After a happy start to his marriage, Duroy begins to resent the fact that his wife once belonged to someone else, and suspects that she cuckolded her first husband. As noted, in the previous two hundred pages one could not say that he has been a nice man, but he certainly hasn’t been a irredeemable bastard, either. Therefore, it is natural to suppose that his jealousy is the reason that he begins to behave as wickedly as he does from this point onwards. However, while I can accept that jealousy could lead someone to thinking ‘fuck it, feelings are for idiots, I’ll have no more of that, and will therefore treat everyone like shit and please myself,’ I don’t see how this feeling is then transformed into an overwhelming, passionate envy, directed towards anyone in a superior position, and a obsessive desire to supplant them and become top-dog. I don’t, either, buy that he would swing from tormenting jealousy to, well, complete indifference where his wife is concerned. More importantly, during this final section of the novel Duroy is able to do things without breaking sweat or batting an eyelid, that before he found difficult or impossible. He lies, he schemes; he shows intelligence, talent, daring, cunning, and so on. Maupassant had spent the greater part of Bel Ami giving the reader the impression that his hero was an average, albeit attractive, schmo who frequently gets lucky, and yet suddenly he is some sort of Devilish Byronic figure who has complete command over himself and everyone else? Come on.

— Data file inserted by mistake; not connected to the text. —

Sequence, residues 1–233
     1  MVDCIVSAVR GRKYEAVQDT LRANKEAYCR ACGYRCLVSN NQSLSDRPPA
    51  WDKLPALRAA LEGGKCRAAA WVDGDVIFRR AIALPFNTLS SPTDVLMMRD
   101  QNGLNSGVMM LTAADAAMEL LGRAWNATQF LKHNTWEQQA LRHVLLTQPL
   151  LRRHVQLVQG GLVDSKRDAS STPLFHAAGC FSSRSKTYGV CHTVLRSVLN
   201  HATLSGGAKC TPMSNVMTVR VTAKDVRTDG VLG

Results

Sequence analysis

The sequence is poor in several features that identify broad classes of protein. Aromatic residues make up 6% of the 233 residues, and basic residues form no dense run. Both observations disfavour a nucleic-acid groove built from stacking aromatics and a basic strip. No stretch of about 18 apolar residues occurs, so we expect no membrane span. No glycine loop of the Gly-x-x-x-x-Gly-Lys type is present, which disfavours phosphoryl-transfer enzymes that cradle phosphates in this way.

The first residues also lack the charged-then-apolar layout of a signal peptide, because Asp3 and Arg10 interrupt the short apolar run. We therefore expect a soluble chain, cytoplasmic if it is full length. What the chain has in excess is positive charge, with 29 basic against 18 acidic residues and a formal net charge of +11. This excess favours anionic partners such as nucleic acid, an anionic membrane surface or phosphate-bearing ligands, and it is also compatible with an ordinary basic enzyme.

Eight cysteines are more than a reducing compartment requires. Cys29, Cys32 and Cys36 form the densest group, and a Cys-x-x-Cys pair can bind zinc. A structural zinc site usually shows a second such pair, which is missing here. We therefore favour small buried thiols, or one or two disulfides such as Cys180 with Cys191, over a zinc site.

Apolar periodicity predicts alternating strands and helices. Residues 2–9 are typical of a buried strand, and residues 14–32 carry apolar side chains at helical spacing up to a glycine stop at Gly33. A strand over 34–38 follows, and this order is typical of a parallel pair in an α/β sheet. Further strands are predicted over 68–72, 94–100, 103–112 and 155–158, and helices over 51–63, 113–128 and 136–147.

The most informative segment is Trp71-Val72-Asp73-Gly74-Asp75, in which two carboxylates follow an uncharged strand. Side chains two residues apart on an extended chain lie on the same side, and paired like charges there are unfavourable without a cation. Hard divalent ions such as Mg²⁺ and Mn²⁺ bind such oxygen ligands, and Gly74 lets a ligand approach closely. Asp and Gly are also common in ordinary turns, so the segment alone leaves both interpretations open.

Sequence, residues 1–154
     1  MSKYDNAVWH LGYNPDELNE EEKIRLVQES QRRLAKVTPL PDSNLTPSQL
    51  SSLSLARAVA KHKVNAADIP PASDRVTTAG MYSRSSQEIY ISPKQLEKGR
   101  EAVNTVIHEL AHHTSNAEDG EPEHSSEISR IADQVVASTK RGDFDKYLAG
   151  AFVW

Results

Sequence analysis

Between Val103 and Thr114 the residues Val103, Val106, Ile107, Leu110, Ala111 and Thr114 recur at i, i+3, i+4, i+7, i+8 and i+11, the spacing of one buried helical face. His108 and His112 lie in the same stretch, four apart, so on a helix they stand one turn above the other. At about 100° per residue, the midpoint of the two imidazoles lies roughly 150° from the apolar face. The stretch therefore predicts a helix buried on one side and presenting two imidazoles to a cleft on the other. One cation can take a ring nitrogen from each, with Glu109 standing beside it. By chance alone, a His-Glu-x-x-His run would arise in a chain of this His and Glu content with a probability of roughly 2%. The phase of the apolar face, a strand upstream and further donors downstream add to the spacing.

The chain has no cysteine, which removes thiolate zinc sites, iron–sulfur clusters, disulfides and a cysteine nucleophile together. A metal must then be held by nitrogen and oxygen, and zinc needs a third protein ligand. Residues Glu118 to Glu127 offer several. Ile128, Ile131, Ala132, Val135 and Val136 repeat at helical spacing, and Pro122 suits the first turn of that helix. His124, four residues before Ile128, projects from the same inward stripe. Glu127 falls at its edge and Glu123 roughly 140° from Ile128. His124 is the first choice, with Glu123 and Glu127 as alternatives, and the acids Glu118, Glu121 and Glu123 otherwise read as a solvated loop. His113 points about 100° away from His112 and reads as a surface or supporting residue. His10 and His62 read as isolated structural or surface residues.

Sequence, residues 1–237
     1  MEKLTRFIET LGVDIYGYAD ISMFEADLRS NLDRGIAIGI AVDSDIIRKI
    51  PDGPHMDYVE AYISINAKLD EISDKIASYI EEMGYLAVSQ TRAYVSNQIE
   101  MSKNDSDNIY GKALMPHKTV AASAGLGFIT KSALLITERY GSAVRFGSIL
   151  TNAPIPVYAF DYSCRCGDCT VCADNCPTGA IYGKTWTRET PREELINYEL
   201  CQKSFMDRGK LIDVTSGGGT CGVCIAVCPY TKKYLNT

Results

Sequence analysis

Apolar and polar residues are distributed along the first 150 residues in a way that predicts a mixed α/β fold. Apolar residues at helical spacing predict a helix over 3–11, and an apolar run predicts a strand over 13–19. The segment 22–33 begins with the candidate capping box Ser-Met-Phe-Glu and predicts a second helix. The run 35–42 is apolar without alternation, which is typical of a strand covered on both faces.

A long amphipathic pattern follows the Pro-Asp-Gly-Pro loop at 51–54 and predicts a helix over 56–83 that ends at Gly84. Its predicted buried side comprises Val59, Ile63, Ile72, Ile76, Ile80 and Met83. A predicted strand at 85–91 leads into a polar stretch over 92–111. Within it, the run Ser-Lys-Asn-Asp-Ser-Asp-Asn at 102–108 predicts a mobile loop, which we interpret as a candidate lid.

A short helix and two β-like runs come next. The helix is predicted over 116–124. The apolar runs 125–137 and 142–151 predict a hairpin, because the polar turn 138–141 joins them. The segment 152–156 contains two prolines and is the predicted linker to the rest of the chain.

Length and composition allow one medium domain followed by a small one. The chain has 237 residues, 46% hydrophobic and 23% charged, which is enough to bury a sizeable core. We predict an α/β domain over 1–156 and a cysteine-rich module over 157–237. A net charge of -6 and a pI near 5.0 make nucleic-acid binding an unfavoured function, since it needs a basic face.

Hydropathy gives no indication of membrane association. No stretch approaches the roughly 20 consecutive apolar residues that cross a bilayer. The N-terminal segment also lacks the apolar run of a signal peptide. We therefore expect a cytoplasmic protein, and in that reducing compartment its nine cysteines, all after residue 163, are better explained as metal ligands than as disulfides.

With this in mind, my preferred interpretation is that the catalyst for his caddish manoeuvres is a series of existential confrontations with death. In the first instance, consider his proposal to Madeleine Forestier, which comes while the couple are watching over the dead body of her husband. On the surface, this seems like an outrageous, cynical step, and yet a panicky Duroy appears to be genuinely struck by his own mortality, and the need to make the most of his time on earth, and as such his offer of marriage is hardly an example of cold-hearted cuntishness. There are, in addition, two other incidents, prior to Forestier’s passing, where death is on the agenda: a kind of soliloquy delivered by a colleague, Norbert de Varenne, and a duel. These two passages are, for me, Bel Ami’s finest moments; and both appear to have a profound effect upon Duroy.